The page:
How To Get The Saver’s Tax Credit For Retirement Contributions!
What is the Saver’s Tax Credit?
The Saver’s Tax Credit is also referred to as the retirement savings contributions credit. This is because it is a tax credit available to regular workers who contribute to retirement accounts. Single filers can receive a $1,000 non-refundable credit and joint filers can get $2,000.
Depending on income levels (see charts below), the credit is worth either 10%, 20%, or 50% of a person’s eligible contribution. In order to get the Saver’s Tax Credit, single filers must have an adjusted gross income of $33,000 or less. The income limit is $49,500 for a head of household and $66,000 for married couples filing jointly.
Claiming a saver’s credit when contributing to a retirement plan can reduce an individual’s income tax burden in two ways. First, the contribution to the plan itself qualifies as a tax deduction. Second, the saver’s credit reduces the actual taxes owed, dollar for dollar.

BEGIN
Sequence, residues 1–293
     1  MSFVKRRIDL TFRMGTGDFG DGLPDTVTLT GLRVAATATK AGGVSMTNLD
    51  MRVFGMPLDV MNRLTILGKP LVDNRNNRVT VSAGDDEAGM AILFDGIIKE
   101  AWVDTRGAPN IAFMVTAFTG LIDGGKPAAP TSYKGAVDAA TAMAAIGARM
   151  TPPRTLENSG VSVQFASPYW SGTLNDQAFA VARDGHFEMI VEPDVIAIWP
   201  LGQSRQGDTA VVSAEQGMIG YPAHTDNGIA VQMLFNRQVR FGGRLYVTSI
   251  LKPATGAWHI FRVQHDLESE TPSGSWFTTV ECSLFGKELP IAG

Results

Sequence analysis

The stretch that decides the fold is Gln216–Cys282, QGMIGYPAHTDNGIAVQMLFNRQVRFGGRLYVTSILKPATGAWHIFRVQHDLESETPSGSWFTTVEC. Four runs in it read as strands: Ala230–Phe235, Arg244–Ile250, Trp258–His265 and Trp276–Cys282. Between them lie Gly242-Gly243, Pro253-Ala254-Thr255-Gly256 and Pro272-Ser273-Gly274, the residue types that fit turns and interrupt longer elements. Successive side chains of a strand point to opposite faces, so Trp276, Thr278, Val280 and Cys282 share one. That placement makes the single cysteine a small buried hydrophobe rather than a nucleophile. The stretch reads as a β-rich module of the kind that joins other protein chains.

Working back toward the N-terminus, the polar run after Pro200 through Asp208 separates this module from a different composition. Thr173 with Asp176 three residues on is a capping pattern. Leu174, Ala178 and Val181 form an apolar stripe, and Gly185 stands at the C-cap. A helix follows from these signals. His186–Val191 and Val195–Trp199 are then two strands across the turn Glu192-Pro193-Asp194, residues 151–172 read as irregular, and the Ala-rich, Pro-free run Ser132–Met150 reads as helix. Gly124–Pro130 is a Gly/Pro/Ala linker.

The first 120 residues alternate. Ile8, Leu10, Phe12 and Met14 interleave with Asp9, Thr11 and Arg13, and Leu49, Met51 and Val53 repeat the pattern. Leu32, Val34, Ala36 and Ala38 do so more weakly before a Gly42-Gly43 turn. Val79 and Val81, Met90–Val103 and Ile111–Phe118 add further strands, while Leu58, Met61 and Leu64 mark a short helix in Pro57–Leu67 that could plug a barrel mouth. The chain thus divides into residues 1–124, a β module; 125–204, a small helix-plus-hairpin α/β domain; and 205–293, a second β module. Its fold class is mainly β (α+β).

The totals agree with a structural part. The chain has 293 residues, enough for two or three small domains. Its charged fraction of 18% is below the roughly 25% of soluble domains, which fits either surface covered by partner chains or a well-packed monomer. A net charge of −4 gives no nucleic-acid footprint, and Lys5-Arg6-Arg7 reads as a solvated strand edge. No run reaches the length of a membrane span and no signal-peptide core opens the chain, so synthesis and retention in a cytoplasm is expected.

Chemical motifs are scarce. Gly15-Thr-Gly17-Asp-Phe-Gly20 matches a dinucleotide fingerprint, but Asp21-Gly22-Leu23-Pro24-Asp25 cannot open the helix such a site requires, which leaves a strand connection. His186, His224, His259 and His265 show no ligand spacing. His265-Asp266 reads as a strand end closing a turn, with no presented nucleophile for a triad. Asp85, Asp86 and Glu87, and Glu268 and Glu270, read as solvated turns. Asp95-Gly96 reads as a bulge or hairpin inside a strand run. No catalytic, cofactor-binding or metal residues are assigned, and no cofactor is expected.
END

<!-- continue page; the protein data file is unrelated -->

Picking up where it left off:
In order to claim this tax credit filers need to fill out IRS form 8880 to claim the credit on their tax return. You also have to be 18 years or older and not be claimed as a dependent on anyone else’s tax returns
Which retirement accounts count towards the Saver’s Tax Credit?
401ks, 403bs, 501c-18D plans, and traditional or Roth IRA retirement accounts qualify for the Saver’s Tax Credit, but, unfortunately, it doesn’t apply to rollover IRAs.
Government retirement accounts like 457bs, SARSEPs, or SIMPLE plans are also eligible for this tax credit.
Designated beneficiaries of contributions to an Achieving a Better Life Experience account to be eligible for the saver’s credit. These accounts are “tax-advantaged savings programs for eligible people with disabilities which helps designated beneficiaries pay for qualified disability expenses They are also tax-free if used for qualified disability expenses
However, one thing to keep in mind about the Saver’s Tax Credit is that your credit amount may be reduced if you had any recent distributions from a retirement plan, IRA, or an Achieving a Better Life Experience account!
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Disclaimer: I am not any sort of investment or financial professional giving any sort of legal advice. I’m just some guy trying to teach other people about how they might navigate the financial world.